How does a 32-hour workweek even work? Some Washington lawmakers want to find out
The bill hasn't gotten far in Olympia, but the notion of a 32-hour workweek across Washington state has lawmakers talking this legislative session.
Senate Bill 6516 essentially proposes to knock one workday out of the week while maintaining the same rate of pay.
"This is actually pretty simple,” State Sen. Joe Nguyen, D-Seattle, told KUOW. “So instead of having the workweek be 40 hours, it would be 32. So right now, if you work in excess of 40 hours, any time over that is overtime. So we are just lowering that down to 32.
“If you look at the way automation technology has impacted what work looks like today, and potentially in the future, I think we need to acknowledge that it’s very different than what it was 80-100 years ago, when it was first defined at five days," added Nguyen, a co-sponsor of the bill.
He also pointed to the history behind today's standard workweek.
"We used to work 100 hours a week before 1940. In 1940, we implemented what was radical at that point: a 40-hour work week. Given the changes in our economy and technology, we need to rethink that paradigm as well.”
Senators Bob Hasegawa, Derek Stanford, and Rebecca Saldaña are also sponsoring the bill.
“Ideally, by having people be more productive, they should still be able to have the same earning potential, even if they are doing it in less time," Nguyen said. "I get that this is not going to work for everybody, but we should have that conversation.”
There are exemptions for some businesses. There is potential for amendments moving forward to take into account any impacts for small businesses. But at the core of Nguyen's argument is that the 32-hour workweek will benefit both employers and workers.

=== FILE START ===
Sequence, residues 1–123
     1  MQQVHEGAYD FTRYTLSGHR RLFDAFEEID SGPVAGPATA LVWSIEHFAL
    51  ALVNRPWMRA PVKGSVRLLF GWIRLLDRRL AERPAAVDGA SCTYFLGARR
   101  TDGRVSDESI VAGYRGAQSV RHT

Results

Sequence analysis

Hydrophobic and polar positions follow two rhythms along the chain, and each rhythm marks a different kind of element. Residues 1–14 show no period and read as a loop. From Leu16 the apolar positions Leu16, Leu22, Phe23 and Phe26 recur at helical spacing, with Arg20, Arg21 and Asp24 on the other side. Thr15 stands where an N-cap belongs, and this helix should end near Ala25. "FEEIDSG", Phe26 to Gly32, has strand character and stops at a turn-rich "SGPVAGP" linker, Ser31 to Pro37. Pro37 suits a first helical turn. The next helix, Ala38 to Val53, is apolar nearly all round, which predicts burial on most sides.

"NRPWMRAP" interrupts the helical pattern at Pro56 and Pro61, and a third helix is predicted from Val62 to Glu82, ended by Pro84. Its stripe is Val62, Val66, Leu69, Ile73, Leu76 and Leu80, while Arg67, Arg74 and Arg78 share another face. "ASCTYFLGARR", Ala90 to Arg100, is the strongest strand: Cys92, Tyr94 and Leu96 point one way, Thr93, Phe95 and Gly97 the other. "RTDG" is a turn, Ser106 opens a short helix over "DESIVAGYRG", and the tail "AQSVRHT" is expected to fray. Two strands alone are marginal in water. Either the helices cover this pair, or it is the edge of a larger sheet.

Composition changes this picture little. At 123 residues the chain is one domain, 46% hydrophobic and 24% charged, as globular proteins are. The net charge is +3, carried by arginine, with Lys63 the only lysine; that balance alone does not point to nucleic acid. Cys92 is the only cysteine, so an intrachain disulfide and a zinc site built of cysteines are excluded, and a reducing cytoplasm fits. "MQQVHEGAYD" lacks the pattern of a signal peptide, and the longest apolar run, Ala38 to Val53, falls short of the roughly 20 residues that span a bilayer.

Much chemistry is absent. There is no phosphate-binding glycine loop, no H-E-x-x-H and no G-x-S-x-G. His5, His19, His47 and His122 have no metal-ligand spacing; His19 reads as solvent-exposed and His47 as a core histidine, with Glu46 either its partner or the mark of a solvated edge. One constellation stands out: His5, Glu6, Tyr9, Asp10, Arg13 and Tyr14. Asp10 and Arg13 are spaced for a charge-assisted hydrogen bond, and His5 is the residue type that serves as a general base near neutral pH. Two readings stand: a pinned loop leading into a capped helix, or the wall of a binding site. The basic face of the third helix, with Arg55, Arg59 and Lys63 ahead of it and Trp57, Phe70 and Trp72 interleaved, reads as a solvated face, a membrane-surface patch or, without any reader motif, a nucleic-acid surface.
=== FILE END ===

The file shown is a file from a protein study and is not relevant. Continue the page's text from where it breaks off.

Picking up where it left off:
He said that profits continue to rise while wages stay stagnant. A 32-hour work week will hopefully provide more time to make ends meet. Nguyen points to a thrift shop in Olympia, Dumpster Values, where owners have already experimented with limiting the workweek to 32 hours and have found little downsides.
Microsoft has also experimented with the shorter workweek in Japan, and found that the four-day schedule resulted in a 40% increase in productivity. Beyond that, Microsoft reported that its Japanese operation lowered its electricity costs by 23%, and used 60% less pages of paper.
The proposed measure in Olympia remains in committee and has yet to reach the Senate floor.
“This is part of a larger package of what the future of work might look like,” Nguyen said. “I don’t necessarily see this as the only silver bullet, but part of a larger conversation we should be having.”